Made This Way

I have hairs growing on my chin that my girlfriend threatens to pluck when I am not paying attention.  Apparently, these stray hairs bother her.  They also bother my mother, because “women aren’t supposed to have beards.” And yet, I am a woman, and I have facial hair.

My chin hairs offend the standard of Beauty imposed upon all women in this country.  This mythical standard has been used for centuries to control women, telling us how we must appear in order to be valued as women – and humans.  All women suffer from the Beauty Myth, and any woman – straight or gay – who doesn’t perform femininity has somehow failed as a woman.Women of trans* experience also suffer from the Beauty Myth.  A recent New York Times article widely circulated on Facebook introduced us to Zaira Quispe, a transwoman who spend thousands of dollars for silicone injections to give her a “womanly” figure.  Although the treatment temporarily gave her the desired effect, Ms. Quispe now spends her days indoors, avoiding the strange looks she otherwise would receive because of the disfiguring effects of loose silicone in her body.  The Times did a similar piece in 2009 featuring Fiordaliza Pichardo, a nontrans Latina who died from silicone injections obtained in the quest for a more voluptuous figure.

Women are literally willing to die to attain what society says is Beautiful.  Women starve themselves, take appetite suppressants or worse, and exercise to the point of exhaustion to achieve the highly valued status of thin.  Women seek plastic surgery for breast enhancements to give them a figure to attract a man. Women spend countless thousands of dollars on cosmetics, clothes and high heels, all to achieve some standard of Beauty.  As some transwomen seek validation from others as a “woman,” it is no wonder that they too fall prey to the tricks of a misogynistic society and what it says is “good enough,” “sexy enough” and “woman enough.”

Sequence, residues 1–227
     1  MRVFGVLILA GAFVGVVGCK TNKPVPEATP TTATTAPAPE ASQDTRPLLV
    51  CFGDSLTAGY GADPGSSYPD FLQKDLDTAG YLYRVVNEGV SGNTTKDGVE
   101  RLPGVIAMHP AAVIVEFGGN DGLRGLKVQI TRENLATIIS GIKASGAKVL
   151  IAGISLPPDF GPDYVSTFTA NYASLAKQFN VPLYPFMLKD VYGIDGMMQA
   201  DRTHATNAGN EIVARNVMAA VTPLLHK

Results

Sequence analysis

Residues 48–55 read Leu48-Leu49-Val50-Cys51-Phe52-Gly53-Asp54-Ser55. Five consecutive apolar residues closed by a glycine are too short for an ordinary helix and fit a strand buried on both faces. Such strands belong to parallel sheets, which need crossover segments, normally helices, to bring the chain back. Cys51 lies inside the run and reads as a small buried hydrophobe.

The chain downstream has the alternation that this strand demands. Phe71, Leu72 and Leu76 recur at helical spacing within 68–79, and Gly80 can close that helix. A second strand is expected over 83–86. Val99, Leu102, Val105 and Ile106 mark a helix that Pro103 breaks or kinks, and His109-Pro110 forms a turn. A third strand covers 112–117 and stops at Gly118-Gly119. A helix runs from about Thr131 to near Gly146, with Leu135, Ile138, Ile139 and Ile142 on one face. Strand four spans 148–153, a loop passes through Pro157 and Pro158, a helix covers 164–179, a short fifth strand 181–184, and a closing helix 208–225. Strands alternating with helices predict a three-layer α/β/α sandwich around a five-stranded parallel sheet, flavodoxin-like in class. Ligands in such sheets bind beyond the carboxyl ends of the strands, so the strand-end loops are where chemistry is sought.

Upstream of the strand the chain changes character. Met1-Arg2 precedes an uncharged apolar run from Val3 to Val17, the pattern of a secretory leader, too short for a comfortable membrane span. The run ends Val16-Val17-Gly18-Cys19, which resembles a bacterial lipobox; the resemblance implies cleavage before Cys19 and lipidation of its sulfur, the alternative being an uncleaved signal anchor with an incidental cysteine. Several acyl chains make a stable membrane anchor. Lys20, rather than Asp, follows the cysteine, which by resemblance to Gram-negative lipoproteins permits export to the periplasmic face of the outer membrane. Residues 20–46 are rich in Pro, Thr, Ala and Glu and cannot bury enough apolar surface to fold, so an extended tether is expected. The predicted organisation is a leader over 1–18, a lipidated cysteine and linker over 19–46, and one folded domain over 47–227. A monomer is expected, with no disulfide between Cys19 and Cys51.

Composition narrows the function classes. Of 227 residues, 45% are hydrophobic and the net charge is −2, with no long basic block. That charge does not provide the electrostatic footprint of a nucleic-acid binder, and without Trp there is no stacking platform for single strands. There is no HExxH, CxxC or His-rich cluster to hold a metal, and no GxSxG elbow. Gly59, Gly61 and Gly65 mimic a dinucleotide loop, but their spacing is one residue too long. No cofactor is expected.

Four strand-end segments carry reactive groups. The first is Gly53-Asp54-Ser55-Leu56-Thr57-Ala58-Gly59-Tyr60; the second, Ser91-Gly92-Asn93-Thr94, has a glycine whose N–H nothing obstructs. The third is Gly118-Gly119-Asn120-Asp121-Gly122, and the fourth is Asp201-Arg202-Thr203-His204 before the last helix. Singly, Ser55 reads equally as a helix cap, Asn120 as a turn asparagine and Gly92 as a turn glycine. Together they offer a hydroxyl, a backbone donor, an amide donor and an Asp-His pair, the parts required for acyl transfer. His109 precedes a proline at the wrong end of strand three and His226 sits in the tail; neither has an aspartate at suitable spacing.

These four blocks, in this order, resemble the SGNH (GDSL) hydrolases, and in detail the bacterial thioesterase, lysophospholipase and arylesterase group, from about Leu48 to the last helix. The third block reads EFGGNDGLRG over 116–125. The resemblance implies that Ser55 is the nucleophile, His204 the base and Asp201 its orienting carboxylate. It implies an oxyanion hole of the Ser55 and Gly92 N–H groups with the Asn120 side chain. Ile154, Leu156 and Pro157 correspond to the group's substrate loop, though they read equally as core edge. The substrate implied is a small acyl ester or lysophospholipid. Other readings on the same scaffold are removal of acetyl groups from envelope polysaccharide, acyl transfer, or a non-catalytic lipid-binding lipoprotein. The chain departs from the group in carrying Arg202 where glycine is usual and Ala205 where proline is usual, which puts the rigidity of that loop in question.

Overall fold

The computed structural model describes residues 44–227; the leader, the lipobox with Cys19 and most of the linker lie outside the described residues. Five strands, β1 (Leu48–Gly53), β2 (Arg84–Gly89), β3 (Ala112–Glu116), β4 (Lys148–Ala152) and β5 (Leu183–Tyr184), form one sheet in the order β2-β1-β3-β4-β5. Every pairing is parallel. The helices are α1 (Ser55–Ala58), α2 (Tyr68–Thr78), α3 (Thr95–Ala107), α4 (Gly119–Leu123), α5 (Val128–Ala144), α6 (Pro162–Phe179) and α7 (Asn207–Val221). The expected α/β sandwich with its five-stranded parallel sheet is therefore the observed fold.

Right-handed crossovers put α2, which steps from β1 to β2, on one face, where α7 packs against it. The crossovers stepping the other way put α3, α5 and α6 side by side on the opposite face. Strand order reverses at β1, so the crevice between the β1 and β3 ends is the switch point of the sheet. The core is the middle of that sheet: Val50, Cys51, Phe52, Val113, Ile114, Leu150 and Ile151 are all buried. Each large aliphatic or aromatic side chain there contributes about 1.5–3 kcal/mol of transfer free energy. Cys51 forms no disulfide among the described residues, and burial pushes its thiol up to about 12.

The idea of “woman” is rooted in many things; on the appearance front, it is mostly rooted in gender stereotypes. These gender stereotypes are killing women, including transwomen.  Like their nontrans sisters, society sells transwomen a bill of goods they must buy to achieve some standard of femininity in order to “be a woman” and “be Beautiful.”  We’ve also been told that this standard of femininity is “natural” – and of course, this is false.  Would you need to spend thousands of dollars to achieve Beauty if it occurred “naturally”?

The Women’s Liberation Movement taught us that women aren’t actually meant to be hairless, skinny, pretty ponies.  Indeed, one of the victories of the Women’s Liberation Movement was to change the conversation from things that do not matter – one’s appearance – to things that do matter, such as a woman’s ability to think, reason and contribute to meaningful dialogue about the world around us.  Sadly, we now see young women – including transwomen – reject this lesson of the Women’s Liberation Movement and take massive risks with their health and their lives to appear more feminine, all in the name of Beauty.  Baltimore is not immune to these pressures, with transwomen actively seeking out pumpers so that they too can enjoy the illegal silicone injections that have permanently disfigured Ms. Quispe.  In May, Aeon Farr, a lovely local woman of trans* experience with a significant Internet presence, posed a question to the TransYouthChannel on YouTube about silicone enhancements.